- to facilitate the movement of young people:

    So your spouse will have to pay 60 Euro? It's all wrong and needs changing.
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    Re: Travelling in the EU

    Post by makem on 09/09/10, 06:20 pm

    This is the document we should aim to obtain for our wives:

    http://www.justlanded.com/english/UK/UK-Guide/Visas-Permits/Residence-Permits

    It can be obtained from:

    Lin Homer,
    UK Border Agency (UKBA)
    2 Marsham Street, London
    SW1P 4DF

    Maybe there is where we need to direct our enquiry to stop the discrimination our spice/spouses (what is the plural of spouse?) suffer.

    I shall give it a try if I don't hear from the UGBA within a reasonable time and before writing to an MP.
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    Re: Travelling in the EU

    Post by Beijing2008 on 09/09/10, 07:57 pm

    Only way to get your Chinese spouse to the UK is going to live in Ireland, or in an other EU country for at least 4 months. Then she can come to that country,get a residence permit and from there you go back together, and apply for an UK EU/EER residence permit.
    No language test needed a.s.o.
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    Re: Travelling in the EU

    Post by makem on 09/09/10, 08:03 pm

    Beijing2008 wrote:Only way to get your Chinese spouse to the UK is going to live in Ireland, or in an other EU country for at least 4 months. Then she can come to that country,get a residence permit and from there you go back together, and apply for an UK EU/EER residence permit.
    No language test needed a.s.o.

    My wife is living currently with me in the UK!

    My problem is that I want her to be able to travel in the EU Countries as I do, without the need to obtain a Schengen Visa for every day trip we make.
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    Re: Travelling in the EU

    Post by Beijing2008 on 09/09/10, 08:18 pm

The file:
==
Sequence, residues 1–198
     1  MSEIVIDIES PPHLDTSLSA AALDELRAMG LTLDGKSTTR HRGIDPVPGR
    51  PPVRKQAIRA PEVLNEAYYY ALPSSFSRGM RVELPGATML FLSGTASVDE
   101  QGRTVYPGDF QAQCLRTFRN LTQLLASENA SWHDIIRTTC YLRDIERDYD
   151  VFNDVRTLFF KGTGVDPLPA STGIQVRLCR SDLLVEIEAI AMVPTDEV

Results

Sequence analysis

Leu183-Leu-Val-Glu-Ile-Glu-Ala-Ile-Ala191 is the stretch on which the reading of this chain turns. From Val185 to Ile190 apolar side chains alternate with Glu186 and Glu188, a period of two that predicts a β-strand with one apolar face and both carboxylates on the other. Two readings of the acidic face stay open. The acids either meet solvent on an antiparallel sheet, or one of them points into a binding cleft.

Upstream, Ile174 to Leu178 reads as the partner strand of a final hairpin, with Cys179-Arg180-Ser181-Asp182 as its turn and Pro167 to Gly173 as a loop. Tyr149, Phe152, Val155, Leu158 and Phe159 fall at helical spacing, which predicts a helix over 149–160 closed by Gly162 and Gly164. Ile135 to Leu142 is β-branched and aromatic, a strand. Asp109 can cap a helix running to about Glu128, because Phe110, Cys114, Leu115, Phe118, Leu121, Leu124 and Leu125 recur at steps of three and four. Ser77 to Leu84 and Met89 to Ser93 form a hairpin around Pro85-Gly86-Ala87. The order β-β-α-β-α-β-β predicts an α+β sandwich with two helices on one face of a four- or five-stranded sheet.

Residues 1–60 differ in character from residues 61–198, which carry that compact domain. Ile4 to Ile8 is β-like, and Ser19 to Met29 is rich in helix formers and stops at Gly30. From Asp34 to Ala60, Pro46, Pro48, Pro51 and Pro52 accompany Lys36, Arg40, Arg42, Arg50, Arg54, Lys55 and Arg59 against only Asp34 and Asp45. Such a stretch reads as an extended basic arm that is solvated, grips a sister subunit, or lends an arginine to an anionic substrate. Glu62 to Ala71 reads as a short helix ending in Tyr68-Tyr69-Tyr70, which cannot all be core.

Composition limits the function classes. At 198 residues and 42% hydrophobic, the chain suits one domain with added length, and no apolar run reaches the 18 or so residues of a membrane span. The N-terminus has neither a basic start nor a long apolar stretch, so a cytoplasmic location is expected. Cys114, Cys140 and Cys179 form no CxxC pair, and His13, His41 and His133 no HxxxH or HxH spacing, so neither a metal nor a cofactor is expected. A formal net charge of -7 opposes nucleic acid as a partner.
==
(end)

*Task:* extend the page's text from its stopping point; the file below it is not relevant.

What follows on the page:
makem wrote:France

    No charge: the following citizens pay no application fees:

    - foreign members of a EU/EEA citizens family (amended decree of 11 March 1994);

    - foreign spouse of a French citizen (decree 98-839 of 18 September 1998);

    - to facilitate the movement of young people:

    So your spouse will have to pay 60 Euro? It's all wrong and needs changing.

    You are EU/EEA citizens, so if you act like I said in my last post, your wife can come with a free visa, and from there to the UK.
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    Re: Travelling in the EU

    Post by makem on 09/09/10, 09:09 pm

    My wife now lives in the UK. She has an Entry Clearance Visa (Settlement Visa)

    We want to travel from the UK to for example, Holland and/or Germany.

    From there we want to return to our home in the UK.
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    Re: Travelling in the EU

    Post by davidmckendrick on 10/09/10, 05:47 am

    You could always try for a multientry Schengen visa!
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    Re: Travelling in the EU

    Post by Beijing2008 on 10/09/10, 08:09 am

    makem wrote:My wife now lives in the UK. She has an Entry Clearance Visa (Settlement Visa)

    We want to travel from the UK to for example, Holland and/or Germany.

    From there we want to return to our home in the UK.
    I was speaking in general, for members who do not have their spouse with them in UK.
    For travelling in EU , it must be possible to get a Schengen visa, from any EU Embassy.
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    Re: Travelling in the EU

    Post by davidmckendrick on 10/09/10, 12:46 pm

    Hi Beijing,
    Of course it is easy to get a free Schengen visa if you are close to a foreign EU embassy and have plenty of time to stand around in queues. But some of us would like our wives to be afforded the same luxury as us of just deciding to go somewhere in Europe and going without having to arrange tickets, accommodation, travel insurance and visas weeks in advance.

    David
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    Re: Travelling in the EU

    Post by makem on 19/09/10, 08:04 pm

    So far it has been 2 weeks since I wrote to the UK Boder Agency with my complaint. No reply or acknowledgemant has been received.

    My letter to our local MP Simon Burns is drafted and ready to send after one month.

    During the researchy for that letter I came across:

    "The following individuals can enter the United Kingdom without a visa:

    As of right

    * Citizens of Commonwealth countries who, although not British citizens, have the right of abode in the United Kingdom
    * Citizens of European Union member states"

    From:

    http://en.wikipedia.org/wiki/Visa_policy_in_the_European_Union

    So, it would appear 'they' can visit us easily but we cannot easily visit 'them'.